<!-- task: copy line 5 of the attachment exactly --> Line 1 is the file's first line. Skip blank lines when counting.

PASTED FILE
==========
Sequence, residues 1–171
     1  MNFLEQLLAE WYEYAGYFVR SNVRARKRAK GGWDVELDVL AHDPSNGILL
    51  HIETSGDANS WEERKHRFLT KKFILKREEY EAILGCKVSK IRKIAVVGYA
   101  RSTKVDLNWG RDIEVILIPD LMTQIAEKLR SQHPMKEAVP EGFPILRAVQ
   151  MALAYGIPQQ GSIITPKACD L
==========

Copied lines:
   151  MALAYGIPQQ GSIITPKACD L